“Aurora’s constitution was signed into effect early Thursday morning, giving the world complete independence from both Wellington and New Haven. The world will begin producing its own currency, which travel advisory boards strongly suggest visitors exchange for, as general currency will no longer be accepted there as of August eighteenth.
“Many Aurorans are maintaining an account with general currency, leading many to believe that they hold no respect for the new currency.”
I looked at Suzy and made an annoyed sound.
“Is ’cause exchange,” Suzy said.
“Though visitors should be warned that exchanging from the Auroran dollar to real currency will incur a fee of ten percent.”
“Bet the Aurorans aren’t charging the fee,” I muttered bitterly.
Though I’m not certain why I was still bitter.
Years before, I had been found wandering aimlessly in a field. I don’t recall a lot of that time, but I certainly remember nothing before that. To that day I had no memory of who I was before, or who Harry had been to me before that point. He had grown on me, which was why we had married and had Suzy.
Before I had settled for Harry, I had planned on moving to Aurora. The world had an open immigration policy at the time.
Wild, barely explored, Aurora was a symbol for all explorers. Virgin ground where companies were all but blacklisted and most explorers got eaten for ignoring key tenets of the world.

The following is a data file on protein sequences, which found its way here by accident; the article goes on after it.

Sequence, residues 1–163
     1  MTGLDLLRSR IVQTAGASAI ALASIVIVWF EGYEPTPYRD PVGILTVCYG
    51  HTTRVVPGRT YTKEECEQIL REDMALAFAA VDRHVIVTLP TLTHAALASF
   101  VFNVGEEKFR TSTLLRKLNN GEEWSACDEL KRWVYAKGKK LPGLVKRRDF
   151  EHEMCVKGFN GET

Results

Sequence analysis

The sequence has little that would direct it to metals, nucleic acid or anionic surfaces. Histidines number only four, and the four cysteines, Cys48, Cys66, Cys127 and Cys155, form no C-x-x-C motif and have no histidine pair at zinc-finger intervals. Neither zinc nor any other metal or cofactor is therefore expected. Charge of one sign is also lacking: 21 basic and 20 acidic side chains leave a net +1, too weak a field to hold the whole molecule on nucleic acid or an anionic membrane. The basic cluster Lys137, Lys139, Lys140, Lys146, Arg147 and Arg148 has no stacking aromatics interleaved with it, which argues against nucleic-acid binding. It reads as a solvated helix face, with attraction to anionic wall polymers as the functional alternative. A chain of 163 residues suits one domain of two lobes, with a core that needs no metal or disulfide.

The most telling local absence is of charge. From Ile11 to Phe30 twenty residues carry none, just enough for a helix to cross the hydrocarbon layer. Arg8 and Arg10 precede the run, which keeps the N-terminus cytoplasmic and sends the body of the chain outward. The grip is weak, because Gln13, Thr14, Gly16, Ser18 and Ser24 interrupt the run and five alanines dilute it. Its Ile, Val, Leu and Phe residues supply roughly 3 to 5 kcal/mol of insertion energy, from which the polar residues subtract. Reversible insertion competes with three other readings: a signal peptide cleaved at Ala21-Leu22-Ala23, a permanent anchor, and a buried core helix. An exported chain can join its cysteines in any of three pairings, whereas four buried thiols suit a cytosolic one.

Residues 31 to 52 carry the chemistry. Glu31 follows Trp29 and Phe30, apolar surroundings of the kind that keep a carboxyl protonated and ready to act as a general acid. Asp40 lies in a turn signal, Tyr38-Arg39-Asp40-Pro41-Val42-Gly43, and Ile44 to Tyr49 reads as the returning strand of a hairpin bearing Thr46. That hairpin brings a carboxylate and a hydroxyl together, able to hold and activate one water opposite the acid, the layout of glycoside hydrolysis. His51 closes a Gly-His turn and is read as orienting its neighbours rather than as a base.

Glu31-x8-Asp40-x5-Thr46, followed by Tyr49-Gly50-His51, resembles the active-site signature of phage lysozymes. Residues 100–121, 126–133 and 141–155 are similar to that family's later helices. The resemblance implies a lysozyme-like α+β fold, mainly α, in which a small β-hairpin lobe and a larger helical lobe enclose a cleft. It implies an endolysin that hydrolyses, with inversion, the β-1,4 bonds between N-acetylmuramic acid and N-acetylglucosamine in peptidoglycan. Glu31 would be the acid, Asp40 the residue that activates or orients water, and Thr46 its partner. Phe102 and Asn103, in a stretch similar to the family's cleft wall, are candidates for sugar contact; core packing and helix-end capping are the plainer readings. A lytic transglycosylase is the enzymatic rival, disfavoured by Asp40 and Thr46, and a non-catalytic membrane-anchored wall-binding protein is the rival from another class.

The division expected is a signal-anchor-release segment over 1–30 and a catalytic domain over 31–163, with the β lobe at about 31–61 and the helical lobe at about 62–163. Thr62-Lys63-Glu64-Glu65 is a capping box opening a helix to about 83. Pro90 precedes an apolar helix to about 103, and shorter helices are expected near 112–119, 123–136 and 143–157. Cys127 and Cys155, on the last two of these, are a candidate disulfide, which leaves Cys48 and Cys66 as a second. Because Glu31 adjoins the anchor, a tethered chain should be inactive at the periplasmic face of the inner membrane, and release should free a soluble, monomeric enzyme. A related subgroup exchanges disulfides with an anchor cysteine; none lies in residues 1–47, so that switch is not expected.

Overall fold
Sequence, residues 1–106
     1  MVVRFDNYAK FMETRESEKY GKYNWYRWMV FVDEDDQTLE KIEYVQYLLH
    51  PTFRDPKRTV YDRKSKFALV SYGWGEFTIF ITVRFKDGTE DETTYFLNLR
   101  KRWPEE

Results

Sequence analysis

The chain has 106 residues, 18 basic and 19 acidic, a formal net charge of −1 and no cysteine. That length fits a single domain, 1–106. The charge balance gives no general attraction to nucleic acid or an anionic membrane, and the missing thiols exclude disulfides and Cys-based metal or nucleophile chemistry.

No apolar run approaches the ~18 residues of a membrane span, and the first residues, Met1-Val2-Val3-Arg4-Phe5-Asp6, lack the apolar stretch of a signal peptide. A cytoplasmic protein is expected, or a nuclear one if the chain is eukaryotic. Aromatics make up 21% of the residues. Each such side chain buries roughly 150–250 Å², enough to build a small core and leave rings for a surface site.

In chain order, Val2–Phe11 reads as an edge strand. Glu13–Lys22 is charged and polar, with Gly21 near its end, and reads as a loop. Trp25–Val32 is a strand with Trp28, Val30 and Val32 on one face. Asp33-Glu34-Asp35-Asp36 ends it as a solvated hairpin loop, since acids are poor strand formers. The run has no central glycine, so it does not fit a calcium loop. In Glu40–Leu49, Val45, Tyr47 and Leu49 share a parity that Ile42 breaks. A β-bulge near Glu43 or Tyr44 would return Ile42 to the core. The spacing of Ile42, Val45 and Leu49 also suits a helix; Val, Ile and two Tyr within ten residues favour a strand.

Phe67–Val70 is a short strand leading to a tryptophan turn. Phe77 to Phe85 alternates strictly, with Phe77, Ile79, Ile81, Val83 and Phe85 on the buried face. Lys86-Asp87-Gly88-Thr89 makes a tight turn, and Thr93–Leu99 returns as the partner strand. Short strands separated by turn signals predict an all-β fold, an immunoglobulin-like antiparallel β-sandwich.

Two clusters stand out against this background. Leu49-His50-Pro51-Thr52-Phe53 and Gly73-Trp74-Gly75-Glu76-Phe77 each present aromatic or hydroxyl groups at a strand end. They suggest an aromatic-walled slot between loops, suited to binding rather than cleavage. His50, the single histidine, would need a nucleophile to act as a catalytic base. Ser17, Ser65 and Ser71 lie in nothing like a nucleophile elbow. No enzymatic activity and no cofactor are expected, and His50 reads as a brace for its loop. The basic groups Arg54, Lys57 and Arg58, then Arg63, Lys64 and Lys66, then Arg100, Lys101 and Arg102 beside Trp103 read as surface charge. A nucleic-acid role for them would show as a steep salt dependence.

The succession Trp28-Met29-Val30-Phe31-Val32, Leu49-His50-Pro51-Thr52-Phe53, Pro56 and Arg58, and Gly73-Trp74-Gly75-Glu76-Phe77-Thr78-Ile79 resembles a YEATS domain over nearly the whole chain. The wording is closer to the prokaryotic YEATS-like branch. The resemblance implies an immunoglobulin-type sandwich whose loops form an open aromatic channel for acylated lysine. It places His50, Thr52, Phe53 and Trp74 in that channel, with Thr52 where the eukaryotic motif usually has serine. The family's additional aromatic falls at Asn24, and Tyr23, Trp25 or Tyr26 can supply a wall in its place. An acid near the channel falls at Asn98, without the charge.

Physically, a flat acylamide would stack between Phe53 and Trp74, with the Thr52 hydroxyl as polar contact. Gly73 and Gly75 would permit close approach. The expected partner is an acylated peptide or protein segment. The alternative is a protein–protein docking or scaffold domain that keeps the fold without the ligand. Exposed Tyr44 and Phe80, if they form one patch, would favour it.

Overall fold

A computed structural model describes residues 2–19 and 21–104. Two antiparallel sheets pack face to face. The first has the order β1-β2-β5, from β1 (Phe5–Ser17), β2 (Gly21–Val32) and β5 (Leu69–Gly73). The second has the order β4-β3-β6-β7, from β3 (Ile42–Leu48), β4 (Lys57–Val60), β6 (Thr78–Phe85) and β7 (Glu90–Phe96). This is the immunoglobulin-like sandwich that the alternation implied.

Thou shalt not be an asshole.
I slipped my sandwich into the brown back and turned to the television set. The newscaster looked very serious.
“According to officials, the first ticket issued by Auroran police was to Dorian DeSadie, the last surviving follower of Sadie. The fine was issued when DeSadie stepped into a fight between Raul DeLoraine, and a member of the public over his son Michael’s position in the new world.
“The Lady was remarkably silent during the celebration, watching the fireworks and then disappearing. She made no comment on the new constitution, though we have reached out to her offices for comment. Though the Lady hasn’t spoken to anyone outside of her close circle of followers in almost ten years. There have been rumours of the woman spotted and identified as the Lady not actually being her, as this woman has been seen laughing, smiling, and even sharing small talk with regular people. Her dresses are lighter in nature, her hair wilder, and her shows of strength.”
“She’s babbling, mommy,” Suzy sighed.
As if I could call the news station up and tell the reporter to cut it out.
“She’s babbling because it’s propaganda,” Harry said, stepping into the kitchen.